So the questioning of the problematics of modernity becomes increasingly urgent. Does the postmodern insistence on the recognition of difference and of cultural relativity rather than universal reason, which might initially appear to validate the perspectives of those confronting gender domination and racism, in fact spell an end to the chances of reconstituting a mass politics of liberation? The overriding question in critical political discourse is this: what are the possibilities of a politics which is based upon a full recognition of the reality of socio-cultural diversity but which nevertheless achieves solidarity in the interests of populations which now experience, in this post-Cold War period, the unmitigated onslaught of the global market economy of late capitalism?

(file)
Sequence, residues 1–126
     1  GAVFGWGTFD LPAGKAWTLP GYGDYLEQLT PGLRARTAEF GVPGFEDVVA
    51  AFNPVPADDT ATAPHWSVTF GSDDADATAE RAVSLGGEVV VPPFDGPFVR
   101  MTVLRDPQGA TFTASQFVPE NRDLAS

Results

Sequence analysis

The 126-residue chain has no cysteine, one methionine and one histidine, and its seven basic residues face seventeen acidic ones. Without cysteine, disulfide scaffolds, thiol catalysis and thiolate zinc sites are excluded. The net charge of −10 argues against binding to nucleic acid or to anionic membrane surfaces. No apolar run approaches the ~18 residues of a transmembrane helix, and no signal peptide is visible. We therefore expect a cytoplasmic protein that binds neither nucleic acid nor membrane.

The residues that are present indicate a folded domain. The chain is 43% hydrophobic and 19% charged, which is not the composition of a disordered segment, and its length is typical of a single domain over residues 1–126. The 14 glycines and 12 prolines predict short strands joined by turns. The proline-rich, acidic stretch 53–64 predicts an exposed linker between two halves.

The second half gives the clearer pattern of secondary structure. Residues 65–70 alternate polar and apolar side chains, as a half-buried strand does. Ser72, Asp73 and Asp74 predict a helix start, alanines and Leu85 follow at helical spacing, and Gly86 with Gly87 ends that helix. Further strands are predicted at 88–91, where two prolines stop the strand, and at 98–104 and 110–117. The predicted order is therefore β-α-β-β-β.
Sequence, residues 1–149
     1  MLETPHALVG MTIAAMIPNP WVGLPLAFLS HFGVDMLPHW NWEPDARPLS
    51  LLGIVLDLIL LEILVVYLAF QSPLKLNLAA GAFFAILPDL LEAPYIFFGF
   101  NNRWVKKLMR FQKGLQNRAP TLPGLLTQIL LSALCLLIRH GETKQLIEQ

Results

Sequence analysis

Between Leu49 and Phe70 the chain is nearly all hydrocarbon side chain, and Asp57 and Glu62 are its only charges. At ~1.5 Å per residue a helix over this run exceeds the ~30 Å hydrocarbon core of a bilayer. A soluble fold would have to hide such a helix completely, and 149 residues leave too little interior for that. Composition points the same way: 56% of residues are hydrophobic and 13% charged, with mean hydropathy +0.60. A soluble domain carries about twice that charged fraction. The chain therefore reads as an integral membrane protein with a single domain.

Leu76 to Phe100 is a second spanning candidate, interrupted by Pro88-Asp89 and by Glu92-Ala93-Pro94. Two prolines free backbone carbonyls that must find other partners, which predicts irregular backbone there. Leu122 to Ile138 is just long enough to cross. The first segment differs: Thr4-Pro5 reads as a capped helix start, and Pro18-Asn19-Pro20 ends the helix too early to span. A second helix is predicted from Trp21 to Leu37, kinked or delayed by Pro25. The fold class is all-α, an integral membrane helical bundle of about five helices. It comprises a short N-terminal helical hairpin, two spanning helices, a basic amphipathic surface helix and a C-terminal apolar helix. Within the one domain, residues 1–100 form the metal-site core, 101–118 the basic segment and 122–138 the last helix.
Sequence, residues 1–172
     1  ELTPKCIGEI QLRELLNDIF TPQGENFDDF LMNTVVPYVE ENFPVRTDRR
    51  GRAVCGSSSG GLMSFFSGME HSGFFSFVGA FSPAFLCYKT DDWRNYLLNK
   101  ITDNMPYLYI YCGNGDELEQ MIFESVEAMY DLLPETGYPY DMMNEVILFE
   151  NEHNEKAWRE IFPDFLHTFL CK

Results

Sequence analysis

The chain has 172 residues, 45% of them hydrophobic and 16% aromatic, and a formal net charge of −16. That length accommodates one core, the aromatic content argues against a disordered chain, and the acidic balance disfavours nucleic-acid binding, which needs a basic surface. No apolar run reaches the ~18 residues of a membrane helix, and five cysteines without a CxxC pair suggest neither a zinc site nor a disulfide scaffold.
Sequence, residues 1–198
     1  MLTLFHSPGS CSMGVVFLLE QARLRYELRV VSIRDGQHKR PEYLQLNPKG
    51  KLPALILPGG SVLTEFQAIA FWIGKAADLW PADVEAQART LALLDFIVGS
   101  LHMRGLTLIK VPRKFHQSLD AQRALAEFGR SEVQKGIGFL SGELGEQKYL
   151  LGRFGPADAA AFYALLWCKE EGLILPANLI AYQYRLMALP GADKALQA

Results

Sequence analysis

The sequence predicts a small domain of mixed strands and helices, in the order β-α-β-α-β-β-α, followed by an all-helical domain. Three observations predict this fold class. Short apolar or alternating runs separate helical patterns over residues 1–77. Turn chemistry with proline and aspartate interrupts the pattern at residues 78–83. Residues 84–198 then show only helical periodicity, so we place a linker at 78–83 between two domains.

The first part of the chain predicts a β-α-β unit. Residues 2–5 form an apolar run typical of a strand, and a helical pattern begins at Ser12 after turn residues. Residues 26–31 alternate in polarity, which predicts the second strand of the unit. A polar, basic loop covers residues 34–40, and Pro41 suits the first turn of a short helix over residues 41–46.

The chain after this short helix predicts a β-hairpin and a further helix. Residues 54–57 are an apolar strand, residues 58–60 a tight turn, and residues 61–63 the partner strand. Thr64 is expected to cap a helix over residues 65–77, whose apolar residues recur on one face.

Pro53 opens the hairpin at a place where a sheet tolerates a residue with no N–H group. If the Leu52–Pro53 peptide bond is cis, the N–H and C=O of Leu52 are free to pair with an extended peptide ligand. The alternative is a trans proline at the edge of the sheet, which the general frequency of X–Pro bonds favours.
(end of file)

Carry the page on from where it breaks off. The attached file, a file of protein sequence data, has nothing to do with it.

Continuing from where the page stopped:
The idea and practice of welfare occupies a central position in this questioning and debate. Welfare as a function of the state under capitalism, postmodern critique argues, epitomizes that contradiction between domination and emancipation which has been historically the invariable feature of modernity. As the political agenda of the Right comes to dominate the discourse on welfare, its empowering and caring side loses ground to a brutal individualism intent on the further degradation of the poor. Even where the radical Right has not directly taken control, state welfare continues to be characterized by surveillance, control and repression, its critics maintain.